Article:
I moderated a panel discussion today for the York Technology Association, which was hosting a lunch event as part of Toronto Tech Week. The session, focusing on Internet strategies, was called “Is Your Business Positioned for the Future?”
Given the recent stock market woes, I suggested to the audience that most businesses would have to admit that they’re not, and that even the best Web technologies probably couldn’t have saved them. In some ways, being part of this panel brought back some strange memories of similar events about 10 years ago, when we would all gather to hear the experts talk about their “dot-com” strategies. It wasn’t long after that the stock market sank, and dragged the North American economy down along with it. But if there was a silver lining in that experience, it was that it forced a lot of companies to put their critical thinking skills to the test, to separate the nice-to-have technologies from the truly mission-critical, and invest in that which creates real value for shareholders, employees and customers.
Our panel made some great points about how companies are using the Internet as a delivery vehicle, collaboration tool or marketing resource, but it was a question from the audience that got me thinking more deeply about this topic. He brought up the topic of software-as-a-service, and asked how, if you were a provider adopting that model, you effectively communicate it to your customer base.
This, to me, is one of the fundamental differences between the last online explosion and the current one. In the dot-com days we were focused as an industry on how to deliver products and services (or at least facilitate the payment) though Web sites. Then we moved into converting on-premise, client-based electronic business processes to Web-based versions. Software-as-a-service (SaaS) is different in that it creates another new relationship between supplier and customer. Much like fundraising organizations that have evolved from asking for a one-time donation to a monthly bank account deduction, ISVs are looking for a reliable, consistent revenue stream, one which can increase depending on the customer’s needs.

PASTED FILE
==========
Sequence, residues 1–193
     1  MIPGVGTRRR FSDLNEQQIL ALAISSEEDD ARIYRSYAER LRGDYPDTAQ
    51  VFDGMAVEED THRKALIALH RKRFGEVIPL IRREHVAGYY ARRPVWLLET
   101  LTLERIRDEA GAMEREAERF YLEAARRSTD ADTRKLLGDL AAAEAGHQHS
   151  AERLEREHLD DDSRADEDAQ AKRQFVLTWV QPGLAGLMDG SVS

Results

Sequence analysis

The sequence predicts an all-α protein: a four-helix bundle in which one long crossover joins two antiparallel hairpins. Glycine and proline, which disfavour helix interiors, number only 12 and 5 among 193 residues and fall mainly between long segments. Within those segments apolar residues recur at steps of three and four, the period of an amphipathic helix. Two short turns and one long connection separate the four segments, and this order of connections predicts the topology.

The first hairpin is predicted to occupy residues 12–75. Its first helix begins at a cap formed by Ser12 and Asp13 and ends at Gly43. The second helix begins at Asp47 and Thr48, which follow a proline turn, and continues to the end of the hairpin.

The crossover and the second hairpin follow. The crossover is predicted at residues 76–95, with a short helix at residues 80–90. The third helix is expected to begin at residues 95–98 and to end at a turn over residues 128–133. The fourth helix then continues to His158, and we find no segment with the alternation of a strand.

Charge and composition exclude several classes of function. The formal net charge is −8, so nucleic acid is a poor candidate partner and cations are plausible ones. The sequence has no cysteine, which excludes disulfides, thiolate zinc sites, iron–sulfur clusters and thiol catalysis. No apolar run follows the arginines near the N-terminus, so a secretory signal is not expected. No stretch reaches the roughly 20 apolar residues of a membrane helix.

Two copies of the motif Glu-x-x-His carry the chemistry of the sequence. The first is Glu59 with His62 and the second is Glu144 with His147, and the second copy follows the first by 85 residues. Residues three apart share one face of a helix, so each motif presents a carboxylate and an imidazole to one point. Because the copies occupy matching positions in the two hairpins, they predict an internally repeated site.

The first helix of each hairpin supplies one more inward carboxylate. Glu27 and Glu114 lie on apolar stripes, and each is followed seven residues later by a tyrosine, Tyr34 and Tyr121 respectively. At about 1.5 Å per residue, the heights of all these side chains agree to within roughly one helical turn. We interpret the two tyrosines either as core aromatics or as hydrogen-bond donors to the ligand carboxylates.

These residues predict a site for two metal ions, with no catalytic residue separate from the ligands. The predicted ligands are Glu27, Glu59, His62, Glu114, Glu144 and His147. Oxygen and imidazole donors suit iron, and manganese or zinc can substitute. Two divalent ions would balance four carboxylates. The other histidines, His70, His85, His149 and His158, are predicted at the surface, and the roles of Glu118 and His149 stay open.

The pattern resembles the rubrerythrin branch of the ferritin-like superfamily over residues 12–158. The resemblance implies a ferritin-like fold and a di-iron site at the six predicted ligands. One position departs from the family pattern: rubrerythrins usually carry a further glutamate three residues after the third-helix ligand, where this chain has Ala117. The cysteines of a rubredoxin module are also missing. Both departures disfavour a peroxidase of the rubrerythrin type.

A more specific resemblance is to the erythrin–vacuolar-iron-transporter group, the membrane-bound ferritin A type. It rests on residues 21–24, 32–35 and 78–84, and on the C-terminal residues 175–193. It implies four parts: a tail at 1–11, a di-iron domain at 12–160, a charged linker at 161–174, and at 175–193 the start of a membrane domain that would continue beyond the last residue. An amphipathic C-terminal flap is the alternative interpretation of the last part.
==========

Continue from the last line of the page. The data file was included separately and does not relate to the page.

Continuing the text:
Our panellists didn’t have any strong answers to this question of communicating the SaaS message to customers, but I’d rather think of it from their perspective. How best to approach them with the change in model? A few basics come to mind. First, it’s not a model to be imposed unilaterally. An on-premise option should be available, at least for a limited time. There should be sufficient warning before anything moves entirely to SaaS – think of the timelines Microsoft has had to set (and then reset) for obsolete product support. Finally, I’d suggest that customers get something for converting to SaaS besides the opportunity to pay more as their needs escalate. Maybe it’s a more flexible contract, maybe it’s dedicated help services of some kind.
These are the kinds of issues vendors should be mulling over, and not just the ones who attended today’s YTA luncheon. Is your business positioned for the future? Better hope your customers are, too.